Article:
Sunday, September 27, 2020

Two local clubs face uphill battles in African competitions

Tall order awaits Botswana’s representatives in the African club competitions.

Gaborone United and Uniao Flamengo Santos will have to triple their efforts if they are to progress further into the competitions.

Gaborone United (GU) will be participating in the African Champions Cup while Santos will be campaigning in the African Confederations tournament. GU will have a Mount Everest to climb because they are taking on one of the biggest teams in Africa, Orlando Pirates of South Africa, while Santos has been paired with Mozambican club, Costa dol Sol.

The last time GU participated in the African competition was way back in 1994 when they engaged a Mozambican Club, Ferroviaro de Maputo. After winning by a solitary goal in Gaborone, the team went on to lose by two goals in Maputo.

GU actually threw the match away because in Gaborone during the first leg they could have scored an avalanche of goals but their striking force let them down heavily.

The only goal of the day ended up coming from a defender, Mlungisi Kopi, who scored from a scorcher.

At that time, the team had some of the great players, the likes of veteran Gofhamodimi ‘City’ Senne, Mandla Balanda, Rapelang ‘Razor’ Tsatsilebe, Listen Kealotswe, Pogiso Moarabi and others.

Currently, they have a youthful team that, should they play the way they did when they won the league, can go a long way in this competition.

The department that seems to be causing a bit of concern is the goalkeeping department and, before venturing into the unknown African assignment, they have to reinforce it.

GU is now facing a club that is to date the only Southern African team to have won the African Champions tournament. The tourney for years has been dominated by north and West African countries.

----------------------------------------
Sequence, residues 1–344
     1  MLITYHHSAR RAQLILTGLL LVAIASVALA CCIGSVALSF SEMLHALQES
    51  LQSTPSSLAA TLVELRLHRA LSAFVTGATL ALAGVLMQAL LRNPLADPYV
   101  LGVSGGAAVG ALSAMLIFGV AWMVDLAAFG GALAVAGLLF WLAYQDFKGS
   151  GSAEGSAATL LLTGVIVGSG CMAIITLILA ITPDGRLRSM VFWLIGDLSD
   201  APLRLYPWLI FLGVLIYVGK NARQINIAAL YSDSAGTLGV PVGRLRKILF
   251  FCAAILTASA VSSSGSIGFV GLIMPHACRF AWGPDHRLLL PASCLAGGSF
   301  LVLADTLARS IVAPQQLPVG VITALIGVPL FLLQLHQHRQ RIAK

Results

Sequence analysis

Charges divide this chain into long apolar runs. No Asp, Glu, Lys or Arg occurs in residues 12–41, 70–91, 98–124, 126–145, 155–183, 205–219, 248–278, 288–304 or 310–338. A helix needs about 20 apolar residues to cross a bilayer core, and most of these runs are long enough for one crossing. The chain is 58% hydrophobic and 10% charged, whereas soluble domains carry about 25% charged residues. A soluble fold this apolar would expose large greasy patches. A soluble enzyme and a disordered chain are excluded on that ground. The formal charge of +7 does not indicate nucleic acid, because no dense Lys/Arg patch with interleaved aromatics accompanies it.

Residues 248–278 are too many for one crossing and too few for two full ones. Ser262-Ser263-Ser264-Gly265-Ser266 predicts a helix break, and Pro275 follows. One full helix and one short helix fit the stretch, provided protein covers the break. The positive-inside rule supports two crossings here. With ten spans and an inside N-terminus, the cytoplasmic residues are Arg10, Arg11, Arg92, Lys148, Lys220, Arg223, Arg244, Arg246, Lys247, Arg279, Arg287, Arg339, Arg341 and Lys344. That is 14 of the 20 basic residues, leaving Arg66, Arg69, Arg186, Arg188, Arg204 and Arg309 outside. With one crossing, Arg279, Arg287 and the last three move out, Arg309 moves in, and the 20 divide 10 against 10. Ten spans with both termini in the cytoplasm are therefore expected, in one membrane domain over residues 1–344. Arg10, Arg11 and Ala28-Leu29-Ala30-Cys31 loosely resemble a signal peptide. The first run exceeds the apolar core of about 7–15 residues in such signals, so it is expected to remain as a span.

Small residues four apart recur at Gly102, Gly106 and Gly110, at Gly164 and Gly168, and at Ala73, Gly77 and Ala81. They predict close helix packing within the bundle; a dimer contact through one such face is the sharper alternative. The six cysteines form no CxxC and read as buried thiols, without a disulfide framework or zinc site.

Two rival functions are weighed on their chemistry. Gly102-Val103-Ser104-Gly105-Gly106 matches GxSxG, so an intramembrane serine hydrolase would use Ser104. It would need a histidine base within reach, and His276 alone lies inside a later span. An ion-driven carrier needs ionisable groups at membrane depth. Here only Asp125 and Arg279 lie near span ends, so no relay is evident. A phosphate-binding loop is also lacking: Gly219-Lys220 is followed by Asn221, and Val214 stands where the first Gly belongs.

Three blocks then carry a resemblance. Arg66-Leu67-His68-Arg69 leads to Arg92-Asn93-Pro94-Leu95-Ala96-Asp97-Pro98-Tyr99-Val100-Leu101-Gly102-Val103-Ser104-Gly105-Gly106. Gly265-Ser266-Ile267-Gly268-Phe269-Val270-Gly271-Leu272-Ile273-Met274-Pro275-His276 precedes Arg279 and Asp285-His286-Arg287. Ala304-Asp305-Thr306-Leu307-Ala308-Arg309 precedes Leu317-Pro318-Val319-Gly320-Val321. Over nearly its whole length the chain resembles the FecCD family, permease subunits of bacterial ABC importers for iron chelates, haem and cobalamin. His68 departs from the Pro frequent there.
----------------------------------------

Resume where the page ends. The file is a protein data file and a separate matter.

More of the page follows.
Pirates are also a team that has not won major titles for years, both at local and international level, and they are obviously viewing this installment of the African club championships as the ideal opportunity for them.

Since 1995 when they surprised the African continent by winning the African champions tournament, they have been on a free fall. Even this season locally it looks they might not win a league title that they have been yearning for. They have many excellent players who undoubtedly are going to give GU a torrid time.

Santos, on the other hand, will be participating in the continental competitions for the first time.

However, the Mozambican club is perennial participants in African competitions. Their main problem is that they never progress far. Having been in the African competitions before gives them an edge over Santos. Santos is full of youngsters and, fortunately, several of them have international experience at youth level. Most of them played together from the Under 14 up to the Under 20. That should give them a morale boost. Santos’ advantage might also be the fact that they are ball players who can knock the ball around for the entire game.

Mozambican clubs, including their senior national team, are renowned for physical and power play type of play.
When facing physical opponents, Santos normally emerge victorious.

If Santos plays their normal, physical game, then Costa dol Sol would indeed have a tough time.

Batswana are waiting with baited breath to see how far the teams can progress.
The only local clubs that made strides into African football were Notwane in 1995 and Township Rollers in 2006.
Some local teams have also not been participating in African competitions citing financial constraints and this time around these two clubs must make the nation proud.

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Sunday Standard September 27 – 3 October

Digital copy of Sunday Standard issue of September 27 - 3 October, 2020.